Lithium batteries imported to and manufactured in the European Union are subject to various standards and regulations. There are also lab testing and labelling requirements to take into consideration.
In this guide, we explain what you must know about the Battery Directive, GPSD, EN 60086, EN 62133, EN 61960, and other requirements.
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- Product Requirements Lists
- Product Certification
- Product & Packaging Labeling
- Lab Testing
The Battery Directive covers lithium batteries and other types of batteries manufactured, imported, and sold in the EU market. Similar to the RoHS Directive, it sets limits for the amount of certain heavy metals. It also covers labelling requirements.
The Battery Directive covers restricted substances, as well as requirements regarding labelling and registration.
Here we list the substances that are restricted under the Battery Directive:
a. Lead (less than 0.0004 % by weight) – only labelling requirements apply
b. Mercury (less than 0.0005 % by weight) – it is forbidden to place in the market products that contain substances above the limit
c. Cadmium (less than 0.002 % by weight) – it is forbidden to place in the market products that contain substances above the limit
The Battery Directive requires importers and manufacturers to ensure that their batteries and accumulators carry a label that provides the following information:
a. Separate collection symbol – batteries must carry this symbol, and should not be discarded with regular waste.
b. Substance symbol – batteries that contain restricted substances above the limit should bear the chemical symbol of the substance, e.g. “Pb” for lead, “Hg” for mercury, and “Cd” for cadmium
Note: For mercury and cadmium, this only applies to products that are exempt from substance restrictions.
c. Battery capacity – batteries must state the battery’s capacity in V, mAh, or Ah.
To register their batteries with the authorities of their market destination, importers and manufacturers are required to provide certain information:
a. Company and brand name and address
b. Contact details (phone number and email address) and contact person
c. Battery type (e.g.automotive, industrial, portable)
d. Evidence of importer’s or manufacturer’s compliance with relevant requirements (e.g., test report)
e. Application date for registration
f. Importer’s or manufacturer’s national identification code, including EU or national tax number
g. A statement declaring that the provided information is factual
Different EU member states may have differences regarding registration requirements and the handling fee or registration fee, so contacting the relevant destination market for details is highly suggested.
Some batteries are not produced specifically for the EU market and may therefore contain substances above the levels. It’s therefore important to request test reports and not assume that all batteries – especially those made outside the EU – are compliant with the Battery Directive by default.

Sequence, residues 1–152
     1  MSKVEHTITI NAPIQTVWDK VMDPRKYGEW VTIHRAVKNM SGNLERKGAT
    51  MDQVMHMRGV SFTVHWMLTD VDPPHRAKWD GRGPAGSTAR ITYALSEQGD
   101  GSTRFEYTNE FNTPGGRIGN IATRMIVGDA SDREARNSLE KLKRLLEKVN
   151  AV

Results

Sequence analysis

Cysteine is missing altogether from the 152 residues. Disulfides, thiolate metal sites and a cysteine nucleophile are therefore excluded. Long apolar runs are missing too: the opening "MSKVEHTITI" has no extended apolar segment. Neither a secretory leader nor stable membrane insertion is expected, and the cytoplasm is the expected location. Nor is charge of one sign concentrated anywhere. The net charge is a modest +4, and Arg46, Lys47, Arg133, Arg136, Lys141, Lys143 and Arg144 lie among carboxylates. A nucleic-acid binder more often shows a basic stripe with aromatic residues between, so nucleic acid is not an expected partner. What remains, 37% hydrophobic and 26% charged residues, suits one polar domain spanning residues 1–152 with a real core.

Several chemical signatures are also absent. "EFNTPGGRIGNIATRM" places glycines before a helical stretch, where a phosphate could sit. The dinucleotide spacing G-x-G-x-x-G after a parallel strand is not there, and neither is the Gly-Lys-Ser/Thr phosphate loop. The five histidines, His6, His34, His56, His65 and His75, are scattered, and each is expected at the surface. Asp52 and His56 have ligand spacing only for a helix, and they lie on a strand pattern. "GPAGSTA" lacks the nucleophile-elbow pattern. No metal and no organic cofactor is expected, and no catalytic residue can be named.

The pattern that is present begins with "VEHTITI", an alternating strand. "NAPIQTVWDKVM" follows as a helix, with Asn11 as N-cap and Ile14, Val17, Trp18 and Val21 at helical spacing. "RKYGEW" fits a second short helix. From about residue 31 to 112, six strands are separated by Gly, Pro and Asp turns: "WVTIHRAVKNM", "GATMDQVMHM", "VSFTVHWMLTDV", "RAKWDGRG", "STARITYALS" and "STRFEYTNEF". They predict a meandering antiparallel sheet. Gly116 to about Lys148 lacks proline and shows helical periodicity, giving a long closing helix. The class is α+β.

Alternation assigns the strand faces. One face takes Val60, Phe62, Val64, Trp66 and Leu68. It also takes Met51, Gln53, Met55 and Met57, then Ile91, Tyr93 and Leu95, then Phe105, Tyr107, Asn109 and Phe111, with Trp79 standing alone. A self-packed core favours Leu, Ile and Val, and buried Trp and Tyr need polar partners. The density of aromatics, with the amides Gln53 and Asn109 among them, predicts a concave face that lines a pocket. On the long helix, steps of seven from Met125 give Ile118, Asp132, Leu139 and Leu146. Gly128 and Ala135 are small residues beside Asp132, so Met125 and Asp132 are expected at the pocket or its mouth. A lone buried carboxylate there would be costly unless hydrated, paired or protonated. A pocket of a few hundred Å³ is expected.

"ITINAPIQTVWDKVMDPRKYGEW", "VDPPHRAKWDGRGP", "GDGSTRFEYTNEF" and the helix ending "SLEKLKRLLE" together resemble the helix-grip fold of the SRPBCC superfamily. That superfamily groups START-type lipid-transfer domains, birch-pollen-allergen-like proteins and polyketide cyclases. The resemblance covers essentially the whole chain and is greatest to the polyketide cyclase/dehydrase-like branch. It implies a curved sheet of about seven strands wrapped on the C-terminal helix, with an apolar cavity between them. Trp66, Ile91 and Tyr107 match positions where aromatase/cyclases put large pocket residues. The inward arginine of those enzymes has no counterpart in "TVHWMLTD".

General Product Safety Directive (GPSD)
The General Product Safety Directive (GPSD) requires importers and manufacturers to ensure that their products, including batteries, are safe to use before placing them on the European market.
EN standards are developed by established European Standards Organisations and might be harmonised into regulations or directives such as the GPSD. You may use other national or international standards if no harmonised standards exist for a particular product.
The GPSD covers a wide range of product categories, including electronics, which may include batteries, such as the following:
- Button batteries
- Coin batteries
- Lithium-ion batteries
The GPSD requires distributors, importers, and manufacturers to provide documentation and labelling such as the following to facilitate product tracking and mitigate risk:
EN standards are widely used to improve the product’s safety and performance. They provide specific test methods and procedures to help importers and manufacturers to reach these goals.
For lithium batteries, EN standards might provide typical specifications and technical solutions that can be served as a reference point at the product design stage. Following EN standards is generally not mandatory but highly recommended.
a. EN 60086-4 – Safety of lithium batteries
b. EN 62133 – Safety requirements for portable sealed secondary cells
c. EN 61960 – Specifies performance tests, designations, markings, dimensions and other requirements for lithium battery products
You can find additional EN standards that might apply to your product on CENELEC’s website.